Perhaps the most widely practiced approach to investing today is by doing so through a mutual fund of one form or another. This is perfectly sensible; someone without a lot of money to invest would be greatly handicapped if the diversification benefits of mutual funds were unavailable to them. Exactly how much money is invested this way depends on how you define a mutual fund, but the Investment Company Institute estimated that total assets under management for open-ended funds alone stood at over $46 trillion globally in 2018. Though not as old as stocks and bonds themselves, the acorn doesn’t fall far from the tree. In addition to being the home of one of the oldest stock and bond markets, Amsterdam was also the birthplace of the mutual fund.
Amsterdam in the 18th century was not just the commercial capital of the Netherlands; it was also a European financial center. True, the city was being eclipsed by other metropolises of commerce, especially London, mirroring the shifting balance of power in Northern Europe. The era when Amsterdam was in its prime, and many of its personages immortalized in Rembrandt’s paintings, was a thing of the past. By the late 1700s, the protectionist policies of other European nations and unsuccessful military engagements had diminished the extent of Dutch trade. Regardless, Holland remained a center of European finance; it was home to a large bond market as foreign nations continued to float their sovereign bond offerings there.
The birth of the mutual fund in Amsterdam came just after one of the 18th century’s largest financial crises. In the early 1770s, surpluses of goods imported from the East led to falling commodity prices. The direct economic impact of these depressed prices was worsened by bank failures. The financial crisis of 1772 was triggered when a London bank lost £300,000 on a trade that involved betting against the shares of the British East India Company. The company was struggling through the oversupply of tea in Britain but was rescued by a £1.5 million loan from the British government. Following the failure of that bank, other British and Dutch banks met a similar fate as credit dried up. However, only the most speculative firms met their end, highlighting the value of diversification in investments. It was following this painful lesson that the first mutual fund was created.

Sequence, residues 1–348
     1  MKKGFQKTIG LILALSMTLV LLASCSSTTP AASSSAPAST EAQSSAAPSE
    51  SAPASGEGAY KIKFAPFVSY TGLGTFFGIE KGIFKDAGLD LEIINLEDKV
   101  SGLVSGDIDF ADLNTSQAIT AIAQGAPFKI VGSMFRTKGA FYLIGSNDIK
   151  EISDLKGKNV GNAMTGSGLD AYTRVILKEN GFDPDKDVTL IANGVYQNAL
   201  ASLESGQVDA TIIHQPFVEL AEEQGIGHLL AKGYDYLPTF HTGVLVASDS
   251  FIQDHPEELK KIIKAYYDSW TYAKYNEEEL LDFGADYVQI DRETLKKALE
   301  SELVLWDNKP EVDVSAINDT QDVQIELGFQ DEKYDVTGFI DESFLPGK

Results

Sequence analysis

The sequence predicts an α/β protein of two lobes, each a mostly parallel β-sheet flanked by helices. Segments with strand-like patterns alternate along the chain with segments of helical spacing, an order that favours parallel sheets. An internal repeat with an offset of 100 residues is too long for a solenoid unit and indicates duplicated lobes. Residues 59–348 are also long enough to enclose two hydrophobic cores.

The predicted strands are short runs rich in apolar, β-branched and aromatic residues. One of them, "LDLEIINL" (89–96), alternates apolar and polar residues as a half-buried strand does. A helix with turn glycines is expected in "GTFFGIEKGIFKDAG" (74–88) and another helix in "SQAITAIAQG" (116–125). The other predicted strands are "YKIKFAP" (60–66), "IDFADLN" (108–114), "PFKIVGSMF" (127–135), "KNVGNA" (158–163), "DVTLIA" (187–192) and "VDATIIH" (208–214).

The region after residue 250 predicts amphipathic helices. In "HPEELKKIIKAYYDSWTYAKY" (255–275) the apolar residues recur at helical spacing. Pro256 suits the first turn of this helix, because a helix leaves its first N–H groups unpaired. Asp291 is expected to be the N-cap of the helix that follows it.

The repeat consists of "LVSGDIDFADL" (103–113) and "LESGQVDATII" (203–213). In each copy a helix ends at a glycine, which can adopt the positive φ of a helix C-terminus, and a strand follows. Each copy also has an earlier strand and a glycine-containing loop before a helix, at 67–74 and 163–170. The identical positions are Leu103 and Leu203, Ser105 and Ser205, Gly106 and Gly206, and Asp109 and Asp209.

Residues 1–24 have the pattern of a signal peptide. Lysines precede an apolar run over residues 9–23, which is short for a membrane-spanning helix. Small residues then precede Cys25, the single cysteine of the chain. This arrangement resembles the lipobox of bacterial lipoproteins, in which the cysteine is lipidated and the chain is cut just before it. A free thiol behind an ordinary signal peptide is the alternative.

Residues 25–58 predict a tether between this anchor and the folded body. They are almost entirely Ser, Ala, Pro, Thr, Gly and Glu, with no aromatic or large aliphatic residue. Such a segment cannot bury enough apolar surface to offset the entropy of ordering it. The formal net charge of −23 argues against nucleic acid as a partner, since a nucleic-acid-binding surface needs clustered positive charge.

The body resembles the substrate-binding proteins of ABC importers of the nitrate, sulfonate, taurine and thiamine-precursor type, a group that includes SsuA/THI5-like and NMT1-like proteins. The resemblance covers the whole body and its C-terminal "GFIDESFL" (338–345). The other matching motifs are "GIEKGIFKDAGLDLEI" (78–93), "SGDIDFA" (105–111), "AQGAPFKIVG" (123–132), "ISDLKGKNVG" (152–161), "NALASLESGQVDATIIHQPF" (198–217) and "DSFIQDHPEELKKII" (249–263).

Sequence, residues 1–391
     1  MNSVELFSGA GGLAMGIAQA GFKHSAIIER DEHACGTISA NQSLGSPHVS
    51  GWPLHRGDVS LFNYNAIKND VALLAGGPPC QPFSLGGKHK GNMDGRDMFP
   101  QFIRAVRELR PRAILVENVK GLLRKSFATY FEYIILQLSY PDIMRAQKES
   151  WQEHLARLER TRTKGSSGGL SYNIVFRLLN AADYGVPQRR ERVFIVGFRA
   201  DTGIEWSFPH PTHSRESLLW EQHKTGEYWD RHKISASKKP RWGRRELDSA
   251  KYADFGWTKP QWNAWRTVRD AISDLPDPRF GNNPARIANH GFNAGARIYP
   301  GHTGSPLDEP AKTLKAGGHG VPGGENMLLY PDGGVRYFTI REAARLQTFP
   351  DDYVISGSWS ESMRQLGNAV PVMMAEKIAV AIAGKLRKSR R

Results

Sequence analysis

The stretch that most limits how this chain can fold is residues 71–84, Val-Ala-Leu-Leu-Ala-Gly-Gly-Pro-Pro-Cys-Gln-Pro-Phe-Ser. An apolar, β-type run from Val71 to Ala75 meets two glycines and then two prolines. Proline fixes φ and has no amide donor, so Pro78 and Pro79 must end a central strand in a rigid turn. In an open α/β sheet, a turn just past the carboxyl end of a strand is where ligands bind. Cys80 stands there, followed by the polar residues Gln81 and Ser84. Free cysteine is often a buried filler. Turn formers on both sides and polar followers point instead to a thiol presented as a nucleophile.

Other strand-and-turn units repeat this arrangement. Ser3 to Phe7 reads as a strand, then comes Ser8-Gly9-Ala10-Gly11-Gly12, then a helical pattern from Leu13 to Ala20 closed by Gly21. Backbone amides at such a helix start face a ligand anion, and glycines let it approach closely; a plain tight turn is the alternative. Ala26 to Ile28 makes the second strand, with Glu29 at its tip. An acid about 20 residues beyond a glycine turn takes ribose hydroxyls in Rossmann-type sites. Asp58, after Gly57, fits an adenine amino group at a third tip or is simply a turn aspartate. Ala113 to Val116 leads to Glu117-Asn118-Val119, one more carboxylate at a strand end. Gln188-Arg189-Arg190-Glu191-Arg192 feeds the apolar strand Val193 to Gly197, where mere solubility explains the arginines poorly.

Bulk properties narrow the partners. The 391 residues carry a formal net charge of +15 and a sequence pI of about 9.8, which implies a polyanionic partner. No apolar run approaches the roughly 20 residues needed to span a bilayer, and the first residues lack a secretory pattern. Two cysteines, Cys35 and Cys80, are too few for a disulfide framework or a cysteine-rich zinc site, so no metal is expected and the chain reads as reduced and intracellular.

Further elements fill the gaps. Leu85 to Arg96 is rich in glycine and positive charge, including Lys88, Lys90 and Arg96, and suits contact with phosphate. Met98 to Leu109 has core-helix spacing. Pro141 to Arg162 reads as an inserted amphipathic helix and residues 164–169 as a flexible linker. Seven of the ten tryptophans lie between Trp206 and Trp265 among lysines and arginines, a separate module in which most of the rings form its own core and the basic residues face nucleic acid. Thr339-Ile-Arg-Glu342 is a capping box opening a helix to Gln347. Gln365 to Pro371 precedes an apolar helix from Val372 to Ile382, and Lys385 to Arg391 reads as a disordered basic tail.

Eendragt Maakt Magt
In 1774, a merchant and broker Adriaan van Ketwich, created an investment fund with pre-identified investment objectives. His creation, outlined in the research of William N. Goetzmann and K. Geert Rouwenhorst from Yale University, is reputed to be the world’s first mutual fund. The fund was called ‘Eendragt Maakt Magt’ which translated from Dutch means ‘unity makes strength’ and its prospectus, or ‘negotiatie’, survives to this day. According to that document, the fund was fairly limited in its scope, was intended to have a fixed life, and was to pay out its returns to investors rather than reinvesting them, suggesting that its investors anticipated a fairly passive approach with little trading. This may have been in vogue following the financial disasters of the previous few years brought on by excessive speculation.
The Eendragt Maakt Magt (EMM) fund was to invest its clients’ money in bank and government bonds as well as debts secured by toll revenue and Caribbean plantations. The fund was thus essentially an international bond fund, investing in Austrian, Danish, Spanish, Swedish, Russian, and German bonds but eschewing those of its home country, the Netherlands. Those foreign bonds paid higher yields than could be found in ‘safer’ countries like the Netherlands or Britain. Despite the higher yielding investments, the fund actually targeted a rather conservative return of 4% annually, to be paid out in dividends to its investors rather than reinvested.
The fund was launched by issuing 2,000 shares for 500 guilders each. Someone buying a single share benefited from the diversification of the entire fund. Considering that the individual bonds in the portfolio often had denominations closer to 1,000 guilders, it is clear that the fund reduced the barriers to diversification for its investors. That being said, even a single share in the fund was quite expensive; 500 guilders was a substantial sum in late-18th century Holland, perhaps just a bit less than a sea captain or lawyer might make in a year. The 2,000 shares comprising the 1,000,000-guilder fund were divided into 20 ‘classes’ of a hundred shares each. Proceeds from each class of shares would be invested in about fifty bonds, roughly equally weighted.